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September 7, 2011
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BERKELEY -- The first order of business on Wednesday for the California football team was to kick practice off -- literally -- with special teams drills.
While a daily part of game-prep practice, given the Bears' special teams struggles last week against Fresno State, the oft-overlooked third phase of the game would seem to have taken on more of a sense of urgency in recent days.
New holder and starting punter Bryan Anger was on the sidelines, though he no longer sported a boot over his rolled ankle.
"Bryan, he tweaked his ankle on one of the punts that probably could have been a roughing call -- a guy got him there in the leg in the third quarter -- but he's fine," said special teams coordinator Jeff Genyk. "He's just such a warrior, as far as treatment is concerned. I think we might have treated that ankle for 20 hours straight, so he'll be fine."
In his stead, redshirt freshman Jed Barnett took over during punting drills, and acquitted himself quite well, putting on one of his most consistent performances and showing that -- should the worst happen, and Anger be sidelined at some point -- there is a very capable replacement leg waiting in the wings.
"Jed Barnett's been coming on and he's really been working on fielding the ball and having his operation time be appropriate," said Genyk. "Then, he's been able to get a lot of spiral consistently, so we're pleased with that, and also in kicking, he's doing a nice job.
"He's done a nice job just maturing through the program, and I think he's ready to go."
On the other side of the field, senior placekicker Giorgio Tavecchio -- who had two of his three PATs blocked last week -- worked on his field goal and PAT launch angle, kicking his balls noticeably higher than in previous practices.
"We've emphasized a couple things, and that is just kicking off grass, so he's been doing some of that during the week, and just trajectory," Genyk said. "Typically both Giorgio and Vince D'Amato have amazing trajectory -- over 10, 11 feet at the line of scrimmage -- so that was a strange set of circumstances on those first two kicks. Hopefully, it was just early-season jitters."
Most of the players on the field, though, snapped to attention when a reverberating clank rang throughout Witter Rugby Field late in the period, as Tavecchio missed a short, 20-yard shot.
"I think that any time you play a position like kicker, snapper or punter, you have really limited reps, and all those reps are very visual to the entire program," Genyk said. "It places more emphasis on that. So, it's the world where the specialist lives, where everything is much more dramatic than a defensive lineman totally blowing his assignment and giving up a touchdown. Nobody really knows that. The aspect of being able to thrive in that environment and not just survive is critical. We talk about that all the time, that if that's the area that you chose in this great game, you've got to really be able to embrace that moment, and I think that he does. The aspect of making the 53-yarder or the 40-yarder against Washington is still fresh in his mind.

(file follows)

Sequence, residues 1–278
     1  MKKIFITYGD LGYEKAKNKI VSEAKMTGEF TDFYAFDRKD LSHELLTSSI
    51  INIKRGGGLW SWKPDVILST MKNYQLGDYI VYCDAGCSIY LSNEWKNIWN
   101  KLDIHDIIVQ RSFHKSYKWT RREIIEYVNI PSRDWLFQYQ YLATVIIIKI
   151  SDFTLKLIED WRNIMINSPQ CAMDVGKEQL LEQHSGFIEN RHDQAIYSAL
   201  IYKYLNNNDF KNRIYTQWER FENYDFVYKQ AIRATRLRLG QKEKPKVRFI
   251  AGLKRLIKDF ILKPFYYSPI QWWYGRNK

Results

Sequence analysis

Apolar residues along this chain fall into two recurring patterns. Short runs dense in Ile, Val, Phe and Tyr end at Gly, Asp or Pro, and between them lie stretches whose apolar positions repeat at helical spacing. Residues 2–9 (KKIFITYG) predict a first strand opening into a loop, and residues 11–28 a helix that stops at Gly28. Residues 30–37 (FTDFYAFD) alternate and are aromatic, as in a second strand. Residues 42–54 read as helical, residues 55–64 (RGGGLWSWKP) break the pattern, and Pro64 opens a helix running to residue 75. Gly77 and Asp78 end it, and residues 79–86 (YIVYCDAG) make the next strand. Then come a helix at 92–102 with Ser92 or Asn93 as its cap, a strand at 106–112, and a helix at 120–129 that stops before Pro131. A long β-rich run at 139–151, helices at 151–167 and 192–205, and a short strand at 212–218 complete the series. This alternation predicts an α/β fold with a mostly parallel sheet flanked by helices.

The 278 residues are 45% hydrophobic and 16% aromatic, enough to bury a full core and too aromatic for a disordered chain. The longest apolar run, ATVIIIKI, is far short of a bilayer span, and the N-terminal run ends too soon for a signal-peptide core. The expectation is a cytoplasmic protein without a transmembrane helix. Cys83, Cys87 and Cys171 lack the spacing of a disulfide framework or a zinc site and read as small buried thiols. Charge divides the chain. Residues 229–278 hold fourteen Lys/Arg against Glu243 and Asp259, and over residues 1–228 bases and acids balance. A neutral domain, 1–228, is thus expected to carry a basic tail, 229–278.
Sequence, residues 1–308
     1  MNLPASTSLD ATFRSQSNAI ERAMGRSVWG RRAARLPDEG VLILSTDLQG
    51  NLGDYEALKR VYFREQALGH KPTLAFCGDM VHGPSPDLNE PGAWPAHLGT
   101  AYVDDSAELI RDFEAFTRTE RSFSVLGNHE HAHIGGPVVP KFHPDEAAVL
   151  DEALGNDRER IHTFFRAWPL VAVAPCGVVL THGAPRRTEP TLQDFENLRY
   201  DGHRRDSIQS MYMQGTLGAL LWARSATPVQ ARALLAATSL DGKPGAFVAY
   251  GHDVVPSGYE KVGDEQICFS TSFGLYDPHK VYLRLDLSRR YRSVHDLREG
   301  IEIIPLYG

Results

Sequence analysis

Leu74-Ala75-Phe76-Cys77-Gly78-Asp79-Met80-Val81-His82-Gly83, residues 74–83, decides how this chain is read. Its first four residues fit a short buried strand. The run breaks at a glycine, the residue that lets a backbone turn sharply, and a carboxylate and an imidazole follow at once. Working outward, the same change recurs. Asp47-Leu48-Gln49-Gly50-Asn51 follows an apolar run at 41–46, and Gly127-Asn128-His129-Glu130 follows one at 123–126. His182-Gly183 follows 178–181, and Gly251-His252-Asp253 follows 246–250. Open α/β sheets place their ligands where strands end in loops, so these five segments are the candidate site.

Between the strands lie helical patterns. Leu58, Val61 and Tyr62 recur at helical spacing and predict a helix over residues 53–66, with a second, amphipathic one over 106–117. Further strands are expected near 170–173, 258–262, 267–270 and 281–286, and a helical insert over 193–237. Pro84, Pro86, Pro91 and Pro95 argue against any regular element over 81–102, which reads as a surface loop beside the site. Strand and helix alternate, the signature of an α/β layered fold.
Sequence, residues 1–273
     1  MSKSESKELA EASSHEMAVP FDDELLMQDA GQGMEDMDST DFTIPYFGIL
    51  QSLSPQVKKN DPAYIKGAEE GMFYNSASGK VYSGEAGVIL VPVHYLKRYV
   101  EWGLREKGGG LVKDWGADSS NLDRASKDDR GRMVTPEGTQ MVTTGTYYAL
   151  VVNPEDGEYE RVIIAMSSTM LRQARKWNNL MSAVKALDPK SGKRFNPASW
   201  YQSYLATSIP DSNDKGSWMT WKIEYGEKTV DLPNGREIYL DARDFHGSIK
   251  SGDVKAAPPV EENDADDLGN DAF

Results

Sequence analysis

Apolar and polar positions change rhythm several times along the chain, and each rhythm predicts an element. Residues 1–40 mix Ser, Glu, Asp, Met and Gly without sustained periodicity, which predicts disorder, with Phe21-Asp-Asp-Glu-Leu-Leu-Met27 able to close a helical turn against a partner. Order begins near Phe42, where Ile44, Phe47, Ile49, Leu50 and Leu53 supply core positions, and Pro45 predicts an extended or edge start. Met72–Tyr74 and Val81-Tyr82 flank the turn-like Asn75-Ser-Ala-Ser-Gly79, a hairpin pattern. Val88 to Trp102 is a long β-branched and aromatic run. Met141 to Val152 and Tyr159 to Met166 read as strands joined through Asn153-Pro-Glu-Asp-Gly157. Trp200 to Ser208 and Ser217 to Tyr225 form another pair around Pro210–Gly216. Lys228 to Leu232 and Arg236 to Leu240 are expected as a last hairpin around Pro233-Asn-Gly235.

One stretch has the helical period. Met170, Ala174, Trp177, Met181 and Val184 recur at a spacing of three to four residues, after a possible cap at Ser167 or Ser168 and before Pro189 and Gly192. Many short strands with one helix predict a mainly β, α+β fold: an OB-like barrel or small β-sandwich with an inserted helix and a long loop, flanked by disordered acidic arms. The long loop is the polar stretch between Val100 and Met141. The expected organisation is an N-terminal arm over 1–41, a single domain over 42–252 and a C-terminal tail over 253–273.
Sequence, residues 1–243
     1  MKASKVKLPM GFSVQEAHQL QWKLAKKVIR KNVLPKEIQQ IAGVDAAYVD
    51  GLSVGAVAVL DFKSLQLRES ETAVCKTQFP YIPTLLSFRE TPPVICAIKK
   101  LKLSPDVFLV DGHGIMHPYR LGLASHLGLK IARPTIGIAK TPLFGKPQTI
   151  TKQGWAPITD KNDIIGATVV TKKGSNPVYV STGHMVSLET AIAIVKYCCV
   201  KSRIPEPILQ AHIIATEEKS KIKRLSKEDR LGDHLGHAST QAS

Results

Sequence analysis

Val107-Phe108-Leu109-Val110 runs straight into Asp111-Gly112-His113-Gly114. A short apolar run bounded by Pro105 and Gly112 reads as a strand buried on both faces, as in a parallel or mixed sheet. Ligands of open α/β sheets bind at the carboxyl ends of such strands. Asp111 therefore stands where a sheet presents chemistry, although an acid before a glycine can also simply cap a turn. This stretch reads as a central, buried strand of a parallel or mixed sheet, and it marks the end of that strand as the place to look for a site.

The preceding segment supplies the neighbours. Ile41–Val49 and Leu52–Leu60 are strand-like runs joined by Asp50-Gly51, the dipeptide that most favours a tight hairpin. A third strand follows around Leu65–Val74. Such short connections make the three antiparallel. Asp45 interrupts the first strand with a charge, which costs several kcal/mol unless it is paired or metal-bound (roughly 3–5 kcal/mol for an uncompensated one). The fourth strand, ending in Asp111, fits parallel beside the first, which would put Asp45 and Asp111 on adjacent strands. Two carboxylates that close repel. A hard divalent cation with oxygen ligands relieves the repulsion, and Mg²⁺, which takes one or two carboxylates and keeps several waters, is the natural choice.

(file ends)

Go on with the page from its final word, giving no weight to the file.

"The other thing is that Candlestick is a tricky place to kick. There were some strange winds going on, and I was glad to see that [Tavecchio] made the 40-yarder."
Elsewhere on the field - or, more accurately, off of it - junior college transfer tailback Mike Manuel was in red, after having taken quite a blow during the opening kickoff of Saturday's game.
"He can't redshirt because he's been in for a play," said head coach Jeff Tedford. "He's just dinged up right now."
Senior starting safety Sean Cattouse was still in yellow after sustaining a concussion on Saturday, and starting fullback Will Kapp was not in pads, still recovering from a bell-ringing of his own.
"Kapp didn't practice today, but those things are day-to-day, and they'll get tested," Tedford said. "They have to be symptom-free and then they get exerted and then they go from there. I'd say [Kapp] is probably questionable."
Wide receiver Jackson Bouza wasn't in pads, but was practicing during positional drills. The hand wrap on his broken finger is now much smaller, only encircling his wrist and two outermost fingers. He made one particularly impressive break-down, turn-around one-handed grab which elicited some loud crows of approval from the other wide outs.
"Bouza got his cast off and now I think we're going to be able to ball him up and start letting him play -- by balling him up, I mean protective stuff around his hand so he can get out and start catching," Tedford said. "He's only one day out of it, but he's getting closer."
Both Maurice Harris and Kaelin Clay practiced in full, with Harris seemingly back to 100 percent after a late-fall camp knee injury, and will travel to Boulder, Tedford said. Tedford also said that there is no more clarity on Clay's academic issues that held him out of the season-opener.
"Right now he is not playing because of an academic issue," Tedford said.
-- C.J. Anderson was impressive in passing drills, showing soft hands on a pass from Tedford, who doled out several compliments to the junior tailback.
-- True freshman Brendan Bigelow was moving as smoothly and as quickly as he has since stepping on campus. While he will still likely redshirt this year, he is certainly showing a lot of progress and looks to be far more comfortable in his own legs, as it were.
-- Starting tight end Anthony Miller made a one-handed jumping tip catch on a pass from senior Brock Mansion during passing drills, while redshirt freshman Jacob Wark displayed great sideline awareness and body control in hauling in some difficult tosses.
-- Cornerback Steve Williams and safety D.J. Campbell were particularly physical in pass break-up drills.